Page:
Writer: Peter David
Pencils: Ed Benes
Inks: Alex Lei
Colours: Brad Anderson
Publisher: DC Comics
What's it about?
In short, two Supergirls collide, potentially causing the end of all existence.
In long, it's a bit more complicated.
We have one Supergirl, Linda Danvers (in the white top). She is not Kryptonian, or Superman's cousin or anything like that. She does have invulnerability, super strength, the ability to fly and a form of psychic telekinesis. Linda is brash, has a dirty mind, is straight talking and cynical. She got her powers through some sort of miracle and earned the right to wear the Superman colours.
The second Supergirl is Kara Zor-El. She is Superman's cousin, as written in the 1950s comics. Kara is sweet, naive and utterly ignorant of all science. She is from the age of comics where you could alter a planet's orbit by doing a handstand and pushing on the ground really really hard. Her universe has no swearing, no drugs, no litter and everyone has a white picket fence with 2.4 children. Superheroes' main jobs may well include rescuing cats from trees.
Kara is diverted from her time line and her rocket crash lands into Linda's hometown. She expects to find Superman, instead she finds Linda who doesn't believe a word she says. Eventually they become friends and everything goes fairly well - Kara even starts to learn basic physics. Then we discover that all Supergirls from all time streams are being murdered, and that Kara must return to her proper dimension, or else all Universes and all timelines are doomed.
What's good about it?
Peter David wrote this arc as a swansong for the character of Linda Danvers. He knew the series was getting cancelled so he wrote the most spectacular storyline he could.
The juxtaposition of a modern 90s Supergirl with one from the 1950s provides a lot of the humour in the book. There are in jokes galore but all are easily understood without knowing the original Supergirl strips. This comic quietly makes fun of the faux science from the 1950s, whilst retaining the ideals and responsibility that goes with taking the 'Super' prefix.
When we reach the conclusion of the story we really feel the difficulty of the choices facing our Supergirls and we grieve for the losses facing each one of them.
Like other Peter David penned books, this has somewhat snappy dialogue. It wouldn't really be out of place in a Joss Whedon written show (Buffy, Firefly etc). The good thing about this is that it hasn't dated at all.
What's bad about it?
On the whole, I like the art, a lot. The colours, the inking and the way the characters are drawn. It's all so vibrant and uncomplicated. I particularly like the way Benes draws eyes. However, like a lot of his fellow artists, he has this tendency to draw the women with really short skirts and gives us a few more bum shots than is truly necessary. For example, this strategically ripped skirt on Linda:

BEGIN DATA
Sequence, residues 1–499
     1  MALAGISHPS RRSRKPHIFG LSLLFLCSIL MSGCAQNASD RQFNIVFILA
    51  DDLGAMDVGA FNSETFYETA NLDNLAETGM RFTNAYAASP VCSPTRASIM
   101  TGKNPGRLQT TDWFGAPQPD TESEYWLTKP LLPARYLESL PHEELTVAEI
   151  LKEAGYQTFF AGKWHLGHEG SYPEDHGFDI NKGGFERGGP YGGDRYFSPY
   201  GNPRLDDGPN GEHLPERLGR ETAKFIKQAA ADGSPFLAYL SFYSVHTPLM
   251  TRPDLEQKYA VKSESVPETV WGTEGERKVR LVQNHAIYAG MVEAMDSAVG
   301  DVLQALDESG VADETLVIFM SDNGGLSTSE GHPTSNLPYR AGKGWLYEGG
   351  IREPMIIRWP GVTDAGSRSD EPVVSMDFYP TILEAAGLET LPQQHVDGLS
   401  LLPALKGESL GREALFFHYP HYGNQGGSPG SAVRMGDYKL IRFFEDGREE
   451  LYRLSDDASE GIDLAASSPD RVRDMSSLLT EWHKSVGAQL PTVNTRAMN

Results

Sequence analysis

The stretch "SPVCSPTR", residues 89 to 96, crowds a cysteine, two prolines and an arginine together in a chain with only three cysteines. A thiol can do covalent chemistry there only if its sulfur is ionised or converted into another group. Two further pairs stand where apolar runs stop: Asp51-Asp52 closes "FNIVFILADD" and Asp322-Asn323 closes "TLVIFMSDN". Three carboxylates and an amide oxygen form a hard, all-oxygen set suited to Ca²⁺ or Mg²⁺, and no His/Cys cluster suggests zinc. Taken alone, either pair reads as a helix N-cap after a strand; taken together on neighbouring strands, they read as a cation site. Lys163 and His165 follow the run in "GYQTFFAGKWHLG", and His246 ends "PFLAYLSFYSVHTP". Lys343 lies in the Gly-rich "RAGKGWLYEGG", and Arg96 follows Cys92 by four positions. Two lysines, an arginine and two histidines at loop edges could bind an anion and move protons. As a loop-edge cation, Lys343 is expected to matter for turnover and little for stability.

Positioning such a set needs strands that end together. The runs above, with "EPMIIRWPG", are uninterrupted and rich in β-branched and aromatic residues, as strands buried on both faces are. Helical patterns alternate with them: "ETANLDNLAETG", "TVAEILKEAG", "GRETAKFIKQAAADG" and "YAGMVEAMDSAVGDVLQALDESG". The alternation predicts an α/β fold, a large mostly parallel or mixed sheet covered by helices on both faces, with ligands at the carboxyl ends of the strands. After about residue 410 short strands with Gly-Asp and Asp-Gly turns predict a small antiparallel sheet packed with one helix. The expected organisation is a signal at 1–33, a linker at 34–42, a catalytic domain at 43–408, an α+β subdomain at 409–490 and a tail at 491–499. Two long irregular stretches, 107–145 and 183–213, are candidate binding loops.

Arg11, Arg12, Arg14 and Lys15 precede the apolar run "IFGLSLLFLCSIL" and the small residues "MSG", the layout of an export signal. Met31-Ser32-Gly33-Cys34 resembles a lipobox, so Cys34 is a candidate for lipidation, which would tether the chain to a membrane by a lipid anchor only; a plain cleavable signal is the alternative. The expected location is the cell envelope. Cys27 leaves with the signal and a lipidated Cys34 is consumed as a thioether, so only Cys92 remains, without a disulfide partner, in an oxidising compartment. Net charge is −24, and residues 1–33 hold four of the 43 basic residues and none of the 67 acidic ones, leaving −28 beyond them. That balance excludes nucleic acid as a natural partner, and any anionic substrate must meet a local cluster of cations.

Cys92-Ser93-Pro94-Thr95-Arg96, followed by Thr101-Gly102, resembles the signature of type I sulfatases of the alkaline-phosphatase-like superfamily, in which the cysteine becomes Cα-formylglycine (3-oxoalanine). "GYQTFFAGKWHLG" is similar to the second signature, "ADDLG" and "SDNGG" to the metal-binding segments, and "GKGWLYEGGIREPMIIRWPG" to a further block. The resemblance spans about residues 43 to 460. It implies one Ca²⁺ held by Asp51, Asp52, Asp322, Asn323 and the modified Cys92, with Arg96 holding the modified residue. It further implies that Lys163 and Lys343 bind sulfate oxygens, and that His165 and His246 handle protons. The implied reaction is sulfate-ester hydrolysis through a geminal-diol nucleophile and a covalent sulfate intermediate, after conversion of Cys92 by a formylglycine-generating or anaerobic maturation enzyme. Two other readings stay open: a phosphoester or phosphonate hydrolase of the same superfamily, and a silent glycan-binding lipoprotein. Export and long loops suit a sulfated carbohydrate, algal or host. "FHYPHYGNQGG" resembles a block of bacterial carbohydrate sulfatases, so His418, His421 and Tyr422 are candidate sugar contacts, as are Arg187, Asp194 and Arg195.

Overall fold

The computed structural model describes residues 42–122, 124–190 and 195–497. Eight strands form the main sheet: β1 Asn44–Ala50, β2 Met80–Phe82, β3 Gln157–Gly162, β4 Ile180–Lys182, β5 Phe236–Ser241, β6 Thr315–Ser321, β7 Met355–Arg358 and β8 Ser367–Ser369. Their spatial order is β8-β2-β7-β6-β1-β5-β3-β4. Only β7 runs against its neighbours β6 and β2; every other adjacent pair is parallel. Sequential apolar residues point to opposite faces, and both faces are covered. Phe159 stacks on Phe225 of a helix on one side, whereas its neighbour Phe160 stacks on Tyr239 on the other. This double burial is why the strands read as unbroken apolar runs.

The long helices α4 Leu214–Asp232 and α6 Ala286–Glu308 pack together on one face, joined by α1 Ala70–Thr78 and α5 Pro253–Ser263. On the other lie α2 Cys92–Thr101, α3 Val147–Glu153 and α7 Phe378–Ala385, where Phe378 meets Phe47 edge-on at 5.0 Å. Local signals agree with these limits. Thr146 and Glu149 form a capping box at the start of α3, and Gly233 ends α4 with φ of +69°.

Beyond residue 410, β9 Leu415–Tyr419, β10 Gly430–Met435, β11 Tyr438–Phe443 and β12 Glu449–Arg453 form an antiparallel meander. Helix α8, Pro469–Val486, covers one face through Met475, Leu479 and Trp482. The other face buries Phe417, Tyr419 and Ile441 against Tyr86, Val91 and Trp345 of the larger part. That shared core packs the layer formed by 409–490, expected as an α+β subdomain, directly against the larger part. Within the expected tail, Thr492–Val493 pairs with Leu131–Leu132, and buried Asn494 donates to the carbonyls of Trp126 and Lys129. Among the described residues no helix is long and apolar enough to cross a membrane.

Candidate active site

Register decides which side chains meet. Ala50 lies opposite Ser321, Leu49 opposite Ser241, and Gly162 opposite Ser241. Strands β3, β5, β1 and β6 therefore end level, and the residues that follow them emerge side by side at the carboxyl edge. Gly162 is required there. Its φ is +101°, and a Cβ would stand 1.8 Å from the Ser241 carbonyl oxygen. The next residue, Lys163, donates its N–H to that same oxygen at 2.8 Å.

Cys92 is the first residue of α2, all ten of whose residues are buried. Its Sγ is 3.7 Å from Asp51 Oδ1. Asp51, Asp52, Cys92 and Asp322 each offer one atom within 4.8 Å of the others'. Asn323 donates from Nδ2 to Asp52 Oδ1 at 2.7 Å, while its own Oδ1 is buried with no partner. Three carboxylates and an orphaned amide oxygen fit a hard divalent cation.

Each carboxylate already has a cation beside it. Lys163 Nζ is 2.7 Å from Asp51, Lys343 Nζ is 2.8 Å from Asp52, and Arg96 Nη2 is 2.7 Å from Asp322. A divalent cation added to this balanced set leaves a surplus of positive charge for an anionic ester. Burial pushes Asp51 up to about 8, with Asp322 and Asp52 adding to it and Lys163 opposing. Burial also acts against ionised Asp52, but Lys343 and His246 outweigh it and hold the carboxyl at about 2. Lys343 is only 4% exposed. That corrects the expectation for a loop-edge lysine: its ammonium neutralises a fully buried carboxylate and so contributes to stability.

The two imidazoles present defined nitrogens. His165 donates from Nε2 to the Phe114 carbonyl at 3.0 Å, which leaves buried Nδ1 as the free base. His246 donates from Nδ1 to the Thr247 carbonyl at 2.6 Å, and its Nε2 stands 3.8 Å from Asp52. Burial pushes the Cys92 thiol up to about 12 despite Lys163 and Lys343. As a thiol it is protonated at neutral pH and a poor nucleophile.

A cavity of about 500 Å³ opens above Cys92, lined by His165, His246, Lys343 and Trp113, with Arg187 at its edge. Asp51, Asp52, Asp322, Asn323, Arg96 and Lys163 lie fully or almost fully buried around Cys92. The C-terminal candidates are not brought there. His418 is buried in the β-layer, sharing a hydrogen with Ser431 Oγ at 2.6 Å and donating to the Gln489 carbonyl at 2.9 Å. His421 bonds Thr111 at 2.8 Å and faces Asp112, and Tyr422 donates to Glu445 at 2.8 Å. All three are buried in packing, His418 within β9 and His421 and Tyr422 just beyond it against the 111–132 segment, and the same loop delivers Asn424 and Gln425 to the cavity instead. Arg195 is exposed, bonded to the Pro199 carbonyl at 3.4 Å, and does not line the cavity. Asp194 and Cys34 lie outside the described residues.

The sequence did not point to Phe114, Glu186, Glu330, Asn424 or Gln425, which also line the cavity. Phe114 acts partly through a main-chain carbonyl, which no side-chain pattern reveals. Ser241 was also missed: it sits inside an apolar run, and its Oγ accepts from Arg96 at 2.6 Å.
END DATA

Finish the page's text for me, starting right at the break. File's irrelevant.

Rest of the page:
It's a bit much, but at this stage in his career it's not too bad. Certainly, in this book I feel that it is more than made up by the quality of the plot and the characters. However, in later years it gets ridiculous (books containing art like that will not be featured here, I can assure you).
On the plus side, Kara's costume is not designed by Ed Benes at all, he is producing a faithful copy of her original costume. I'm not convinced that makes it ok (it is very short for a 14 or 15 year old), but I will leave the ethics of that to the you readers to decide.
What's the art like?
I mentioned it's vibrancy earlier, it is also passionate and there is such a feeling of joy that comes off the pages. There are iconic poses aplenty and plenty of pages that show a flair for layout, symmetry and composition. I love reading this book and just looking at the art. The two Supergirls are given different body language and poses which solidify their personalities and cement the storytelling process:
There is one panel where Kara is positively seething with anger and we see how dangerous a Kryptonian's powers could really be:
Other examples as follows:
There have only been two trades collecting issues from this particular Supergirl run, featuring this version of Supergirl. The other trade collects the first 9 issues and is simply titled Supergirl. It is now out of print but you should be able to pick up a used copy from places like Amazon. Please follow this link for more details.
EDITED TO ADD: You can download all the issues from this run, except for those in Many Happy Returns, here: http://supergirlproject.wordpress.com